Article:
F&S Hook Shots, Episode 2, Season 3: Virginia’s James River Giants
Virginia’s James River is one of the country’s top blue catfish producers, boasting fish that best the 100-pound mark. In...
Virginia’s James River is one of the country’s top blue catfish producers, boasting fish that best the 100-pound mark. In episode 2 of “Hook Shots” season 3, Joe Cermele drives south with friend and “Hardcore Tackle” host Eric Kerber to hunt behemoths in the murky waters of the James. And they get a lot more than they bargained for.
The Deal: Implanted in the James River in 1971, blue catfish have taken well and grown in numbers at a staggering rate. These long-living, slow-growing monsters can reach epic proportions, with 30- to 50-pounders fairly common. Though the giants are what make the river famous, if it’s eating-size fish you want, the amount of 5- to 15-pound blues is simply amazing, offering hours of non-stop action on lighter tackle.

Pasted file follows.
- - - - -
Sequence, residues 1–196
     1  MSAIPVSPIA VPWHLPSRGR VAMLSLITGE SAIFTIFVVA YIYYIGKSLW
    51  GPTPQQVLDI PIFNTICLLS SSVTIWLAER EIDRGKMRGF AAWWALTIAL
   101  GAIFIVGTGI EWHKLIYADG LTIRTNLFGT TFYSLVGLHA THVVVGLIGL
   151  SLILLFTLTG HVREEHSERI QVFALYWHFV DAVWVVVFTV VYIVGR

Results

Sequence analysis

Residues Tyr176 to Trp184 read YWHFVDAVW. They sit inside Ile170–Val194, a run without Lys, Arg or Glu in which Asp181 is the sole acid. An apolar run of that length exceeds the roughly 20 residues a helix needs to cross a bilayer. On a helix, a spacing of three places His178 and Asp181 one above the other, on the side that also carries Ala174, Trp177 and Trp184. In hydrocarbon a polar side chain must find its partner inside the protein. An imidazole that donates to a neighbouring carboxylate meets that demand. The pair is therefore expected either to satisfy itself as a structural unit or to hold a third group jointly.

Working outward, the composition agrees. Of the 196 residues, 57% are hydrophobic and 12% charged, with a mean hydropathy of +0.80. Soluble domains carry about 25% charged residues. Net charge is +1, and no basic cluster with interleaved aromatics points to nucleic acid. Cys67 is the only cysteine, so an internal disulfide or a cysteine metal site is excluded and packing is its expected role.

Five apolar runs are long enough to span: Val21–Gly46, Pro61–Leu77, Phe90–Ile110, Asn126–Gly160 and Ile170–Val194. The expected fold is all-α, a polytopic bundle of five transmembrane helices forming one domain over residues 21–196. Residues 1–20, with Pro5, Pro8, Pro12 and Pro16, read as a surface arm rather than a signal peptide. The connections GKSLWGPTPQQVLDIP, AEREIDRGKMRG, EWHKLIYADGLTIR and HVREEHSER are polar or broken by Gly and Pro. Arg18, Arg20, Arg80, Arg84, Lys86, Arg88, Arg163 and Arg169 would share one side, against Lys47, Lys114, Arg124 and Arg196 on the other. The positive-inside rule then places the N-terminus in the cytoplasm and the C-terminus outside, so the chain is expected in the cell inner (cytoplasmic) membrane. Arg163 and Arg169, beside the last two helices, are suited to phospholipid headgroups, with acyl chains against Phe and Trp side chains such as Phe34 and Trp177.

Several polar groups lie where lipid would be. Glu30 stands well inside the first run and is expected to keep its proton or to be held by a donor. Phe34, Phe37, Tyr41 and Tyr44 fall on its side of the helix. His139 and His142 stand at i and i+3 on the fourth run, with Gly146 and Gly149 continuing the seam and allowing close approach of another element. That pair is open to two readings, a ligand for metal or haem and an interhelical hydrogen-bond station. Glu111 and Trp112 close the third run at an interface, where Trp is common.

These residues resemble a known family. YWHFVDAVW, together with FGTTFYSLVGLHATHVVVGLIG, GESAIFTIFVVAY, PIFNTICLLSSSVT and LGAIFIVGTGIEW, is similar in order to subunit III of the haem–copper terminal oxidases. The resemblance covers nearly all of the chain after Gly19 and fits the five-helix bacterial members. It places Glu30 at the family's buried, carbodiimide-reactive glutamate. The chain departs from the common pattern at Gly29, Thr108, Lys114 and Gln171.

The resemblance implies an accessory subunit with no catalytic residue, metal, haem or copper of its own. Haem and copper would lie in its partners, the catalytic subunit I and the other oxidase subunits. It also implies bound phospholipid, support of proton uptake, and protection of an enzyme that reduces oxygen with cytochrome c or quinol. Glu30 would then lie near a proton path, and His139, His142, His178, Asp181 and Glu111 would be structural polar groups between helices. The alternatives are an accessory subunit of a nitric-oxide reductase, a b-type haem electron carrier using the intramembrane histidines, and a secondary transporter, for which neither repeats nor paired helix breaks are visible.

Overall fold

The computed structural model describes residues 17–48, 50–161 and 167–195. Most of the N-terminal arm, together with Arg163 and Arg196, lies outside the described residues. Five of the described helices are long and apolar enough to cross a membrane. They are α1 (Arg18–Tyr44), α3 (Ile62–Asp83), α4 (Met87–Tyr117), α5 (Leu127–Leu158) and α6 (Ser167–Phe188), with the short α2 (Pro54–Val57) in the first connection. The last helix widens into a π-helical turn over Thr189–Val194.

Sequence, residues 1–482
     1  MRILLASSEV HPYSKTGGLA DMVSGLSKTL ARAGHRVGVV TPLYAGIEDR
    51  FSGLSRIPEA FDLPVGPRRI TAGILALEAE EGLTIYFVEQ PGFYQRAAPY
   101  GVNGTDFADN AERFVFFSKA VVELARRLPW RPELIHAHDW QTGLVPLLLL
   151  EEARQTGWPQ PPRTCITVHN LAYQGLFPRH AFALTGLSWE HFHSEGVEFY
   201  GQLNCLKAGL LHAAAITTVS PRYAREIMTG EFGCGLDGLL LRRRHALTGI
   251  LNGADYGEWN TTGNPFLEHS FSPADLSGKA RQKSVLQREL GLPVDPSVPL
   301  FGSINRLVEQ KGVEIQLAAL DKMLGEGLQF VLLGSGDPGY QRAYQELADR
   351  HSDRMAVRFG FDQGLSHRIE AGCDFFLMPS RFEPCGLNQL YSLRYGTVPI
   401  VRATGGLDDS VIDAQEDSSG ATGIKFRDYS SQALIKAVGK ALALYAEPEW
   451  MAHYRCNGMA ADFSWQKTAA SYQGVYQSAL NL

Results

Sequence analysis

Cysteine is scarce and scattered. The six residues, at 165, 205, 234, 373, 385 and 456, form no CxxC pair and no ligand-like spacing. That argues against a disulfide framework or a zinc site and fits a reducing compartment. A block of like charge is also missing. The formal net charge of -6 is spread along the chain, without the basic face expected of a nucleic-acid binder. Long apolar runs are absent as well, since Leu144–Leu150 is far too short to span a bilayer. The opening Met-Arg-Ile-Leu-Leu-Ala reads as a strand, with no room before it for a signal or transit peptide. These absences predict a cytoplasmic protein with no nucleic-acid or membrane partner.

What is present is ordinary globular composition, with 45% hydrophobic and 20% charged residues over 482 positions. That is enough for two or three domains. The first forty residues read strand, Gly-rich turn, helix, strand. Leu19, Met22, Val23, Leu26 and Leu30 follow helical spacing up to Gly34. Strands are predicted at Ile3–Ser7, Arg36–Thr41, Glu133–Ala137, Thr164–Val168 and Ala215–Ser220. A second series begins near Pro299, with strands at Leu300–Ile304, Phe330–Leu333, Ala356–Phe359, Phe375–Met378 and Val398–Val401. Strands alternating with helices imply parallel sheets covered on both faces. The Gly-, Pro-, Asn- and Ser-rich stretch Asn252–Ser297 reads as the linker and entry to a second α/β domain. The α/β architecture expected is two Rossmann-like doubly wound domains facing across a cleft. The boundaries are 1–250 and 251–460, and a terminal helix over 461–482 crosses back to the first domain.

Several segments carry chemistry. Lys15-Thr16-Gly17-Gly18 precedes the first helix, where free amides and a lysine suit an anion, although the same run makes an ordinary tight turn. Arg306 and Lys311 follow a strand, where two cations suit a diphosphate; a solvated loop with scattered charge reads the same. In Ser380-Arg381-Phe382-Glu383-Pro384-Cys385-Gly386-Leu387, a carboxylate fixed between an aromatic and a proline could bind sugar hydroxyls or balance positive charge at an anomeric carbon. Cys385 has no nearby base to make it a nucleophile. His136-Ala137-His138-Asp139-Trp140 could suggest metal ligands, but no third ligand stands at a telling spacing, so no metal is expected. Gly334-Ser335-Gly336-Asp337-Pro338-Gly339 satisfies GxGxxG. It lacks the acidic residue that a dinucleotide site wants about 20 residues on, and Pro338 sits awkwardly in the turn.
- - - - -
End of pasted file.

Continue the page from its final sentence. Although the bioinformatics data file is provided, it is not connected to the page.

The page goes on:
When To Go: Blue cats can be hooked in the James year-round, though guide Chris Eberwien actually prefers the winter months for greater numbers of trophy fish. According to Eberwien, it’s very hard to catch them in May and June as they’re spawning. “Hook Shots” visited in April, a prime month not only for cats, but spawning striped bass that share the same holes and flats.
What To Bring: Bring tackle you’d use for tuna. Seriously. Eberwien rigs his off-shore style level-wind conventionals with 50-pound monofilament. Then he splices on a 100-pound fluorocarbon leader and 12/0 circle hook. At first glance, his rods look like overkill for catfish, that is until you realize you have to launch 12-ounce sinkers pretty far and fight catfish nearly capable of pulling you out of the boat. The rods are stiff, but man do they bend.
How/Where To Fish: The art in catfishing on the James lies not in baits or tackle, but purely location. Eberwien has a GPS loaded with marks that he’s found only after years of studying the bottom and experimenting. But the short version is to focus on channel edges with steeply-sloping sides, preferably that rise up onto a shallower flat. If you can find submerged brush or debris or humps, drop a line on the down-current side. In the spring, fresh herring chucks get the not as the go-to bait, but gizzard shad is effective all other times of the year.
Where To Stay: Though we launched in the town of Hopewell, Virginia, there are more lodging choices in Chester about 10 miles away. Right off of Interstate 95, you’ll find just about any chain hotel you want in any price range, but for the official list, click here.